Chevron Corp.’s Gorgon liquefied natural gas plant shut a production train for about a month, at least the eighth outage since operations started 14 months ago at the most-expensive project in the company’s history.
Train 1 at the $54 billion project on Barrow Island off northwest Australia shut last week to replace a failed flow-measurement device, Cameron Van Ast, a Perth-based spokesman, said by email. Other routine maintenance will be performed during the shutdown and the plant’s other two production trains are operating normally, he said.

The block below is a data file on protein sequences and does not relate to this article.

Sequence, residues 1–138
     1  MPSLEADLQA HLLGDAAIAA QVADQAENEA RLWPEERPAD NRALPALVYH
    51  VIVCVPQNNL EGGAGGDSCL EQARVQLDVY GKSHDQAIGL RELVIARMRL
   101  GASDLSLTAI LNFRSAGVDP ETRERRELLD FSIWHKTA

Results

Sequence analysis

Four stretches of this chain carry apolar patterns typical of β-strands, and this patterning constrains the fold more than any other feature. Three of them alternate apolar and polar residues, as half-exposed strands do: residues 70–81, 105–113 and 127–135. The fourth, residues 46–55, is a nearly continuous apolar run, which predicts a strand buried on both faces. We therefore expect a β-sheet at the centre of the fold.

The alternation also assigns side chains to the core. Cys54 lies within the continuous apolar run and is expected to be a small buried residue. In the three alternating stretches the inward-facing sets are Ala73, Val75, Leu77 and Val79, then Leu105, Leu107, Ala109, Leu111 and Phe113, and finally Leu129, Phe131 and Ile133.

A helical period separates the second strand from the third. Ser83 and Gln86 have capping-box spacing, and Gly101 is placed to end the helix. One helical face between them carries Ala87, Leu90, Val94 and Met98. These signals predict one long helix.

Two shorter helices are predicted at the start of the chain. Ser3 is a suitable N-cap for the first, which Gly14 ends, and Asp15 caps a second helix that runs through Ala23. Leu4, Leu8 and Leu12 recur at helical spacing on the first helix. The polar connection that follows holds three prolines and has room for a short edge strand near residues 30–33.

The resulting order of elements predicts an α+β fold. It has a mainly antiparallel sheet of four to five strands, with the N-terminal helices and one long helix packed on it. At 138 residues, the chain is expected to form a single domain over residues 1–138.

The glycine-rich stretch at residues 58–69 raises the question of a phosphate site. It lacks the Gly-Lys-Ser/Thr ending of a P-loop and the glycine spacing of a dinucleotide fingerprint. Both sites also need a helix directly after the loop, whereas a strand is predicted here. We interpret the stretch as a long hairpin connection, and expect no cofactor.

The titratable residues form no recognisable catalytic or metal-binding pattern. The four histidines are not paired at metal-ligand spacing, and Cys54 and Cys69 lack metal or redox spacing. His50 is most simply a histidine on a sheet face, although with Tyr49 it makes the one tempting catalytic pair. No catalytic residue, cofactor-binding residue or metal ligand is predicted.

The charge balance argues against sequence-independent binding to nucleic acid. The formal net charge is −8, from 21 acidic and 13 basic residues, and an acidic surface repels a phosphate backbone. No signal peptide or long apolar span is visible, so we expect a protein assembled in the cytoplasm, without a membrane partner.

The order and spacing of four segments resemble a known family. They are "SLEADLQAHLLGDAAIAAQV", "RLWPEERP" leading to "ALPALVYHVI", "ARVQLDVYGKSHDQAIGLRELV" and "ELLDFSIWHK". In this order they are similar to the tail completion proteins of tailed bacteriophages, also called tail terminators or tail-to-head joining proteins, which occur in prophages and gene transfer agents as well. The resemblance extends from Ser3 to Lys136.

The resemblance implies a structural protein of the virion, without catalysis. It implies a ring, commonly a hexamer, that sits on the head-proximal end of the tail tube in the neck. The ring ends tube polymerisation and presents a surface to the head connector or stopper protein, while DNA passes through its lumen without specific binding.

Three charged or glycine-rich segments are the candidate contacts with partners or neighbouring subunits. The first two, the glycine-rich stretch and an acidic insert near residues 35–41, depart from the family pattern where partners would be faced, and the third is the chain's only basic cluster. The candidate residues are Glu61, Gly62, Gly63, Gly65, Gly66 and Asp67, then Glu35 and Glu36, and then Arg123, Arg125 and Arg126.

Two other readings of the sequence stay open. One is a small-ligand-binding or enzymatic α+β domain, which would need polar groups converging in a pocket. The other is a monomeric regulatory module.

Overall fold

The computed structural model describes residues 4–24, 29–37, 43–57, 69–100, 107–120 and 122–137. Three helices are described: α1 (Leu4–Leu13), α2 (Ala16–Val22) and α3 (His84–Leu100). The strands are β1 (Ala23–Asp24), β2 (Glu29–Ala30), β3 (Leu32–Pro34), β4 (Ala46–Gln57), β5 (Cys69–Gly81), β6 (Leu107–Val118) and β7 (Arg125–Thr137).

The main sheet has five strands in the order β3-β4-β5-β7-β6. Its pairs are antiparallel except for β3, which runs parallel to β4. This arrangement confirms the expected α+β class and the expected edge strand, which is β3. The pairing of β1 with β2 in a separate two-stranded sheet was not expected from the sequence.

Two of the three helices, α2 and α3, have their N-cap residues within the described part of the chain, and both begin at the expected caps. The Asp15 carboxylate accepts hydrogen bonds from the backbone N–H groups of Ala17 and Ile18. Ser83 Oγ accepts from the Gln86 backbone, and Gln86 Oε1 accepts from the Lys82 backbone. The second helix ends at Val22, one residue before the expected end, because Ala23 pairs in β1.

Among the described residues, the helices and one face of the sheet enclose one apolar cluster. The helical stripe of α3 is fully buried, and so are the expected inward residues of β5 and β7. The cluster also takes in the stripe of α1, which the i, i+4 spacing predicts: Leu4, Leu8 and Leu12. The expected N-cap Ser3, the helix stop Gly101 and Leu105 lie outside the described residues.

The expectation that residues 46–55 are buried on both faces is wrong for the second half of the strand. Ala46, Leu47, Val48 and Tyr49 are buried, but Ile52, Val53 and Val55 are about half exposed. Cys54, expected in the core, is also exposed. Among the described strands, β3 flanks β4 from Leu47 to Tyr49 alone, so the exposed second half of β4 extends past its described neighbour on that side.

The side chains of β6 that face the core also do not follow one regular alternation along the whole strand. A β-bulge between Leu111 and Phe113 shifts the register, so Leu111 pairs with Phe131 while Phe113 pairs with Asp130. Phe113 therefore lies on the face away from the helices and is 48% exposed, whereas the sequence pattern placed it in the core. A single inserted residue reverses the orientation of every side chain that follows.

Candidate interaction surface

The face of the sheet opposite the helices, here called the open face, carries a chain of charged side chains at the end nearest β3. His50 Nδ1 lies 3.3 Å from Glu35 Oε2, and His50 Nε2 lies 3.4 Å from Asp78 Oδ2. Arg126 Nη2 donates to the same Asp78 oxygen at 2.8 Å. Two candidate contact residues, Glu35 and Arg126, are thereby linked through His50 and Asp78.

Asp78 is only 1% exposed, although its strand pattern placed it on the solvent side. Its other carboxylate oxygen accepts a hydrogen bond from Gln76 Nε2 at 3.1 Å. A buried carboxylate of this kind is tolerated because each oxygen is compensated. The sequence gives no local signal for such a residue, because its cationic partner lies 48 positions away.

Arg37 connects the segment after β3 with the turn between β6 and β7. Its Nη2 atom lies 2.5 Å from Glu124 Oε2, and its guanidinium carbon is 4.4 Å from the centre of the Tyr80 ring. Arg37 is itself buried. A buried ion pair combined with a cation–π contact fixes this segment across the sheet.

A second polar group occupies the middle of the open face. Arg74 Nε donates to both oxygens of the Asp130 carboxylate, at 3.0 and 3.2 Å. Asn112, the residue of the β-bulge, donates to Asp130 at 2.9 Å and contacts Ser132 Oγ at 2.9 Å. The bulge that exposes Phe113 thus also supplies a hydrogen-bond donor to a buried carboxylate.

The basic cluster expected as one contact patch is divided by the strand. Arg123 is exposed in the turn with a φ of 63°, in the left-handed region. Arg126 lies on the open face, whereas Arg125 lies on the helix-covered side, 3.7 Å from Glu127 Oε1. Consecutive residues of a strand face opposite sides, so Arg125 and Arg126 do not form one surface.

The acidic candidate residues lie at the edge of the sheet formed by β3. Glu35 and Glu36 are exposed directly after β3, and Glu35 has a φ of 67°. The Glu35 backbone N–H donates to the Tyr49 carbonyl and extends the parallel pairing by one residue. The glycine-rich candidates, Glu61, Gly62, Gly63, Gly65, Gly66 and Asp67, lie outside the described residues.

The outage is the latest setback for the largest resource development in Australia’s history, which faced delays, cost overruns and labor unrest during construction. Gorgon LNG, which started in March 2016, suffered its first shutdown just two weeks after shipping its maiden cargo. The terminal is also partly owned by Exxon Mobil Corp. and Royal Dutch Shell Plc.
LNG import prices in Japan, the world’s biggest buyer, averaged about $9 per million British thermal units in 2009 when the project was sanctioned, then shot up as high as $18 during construction before sliding back below $6 after it started production amid a global glut, according to data from LNG Japan Corp.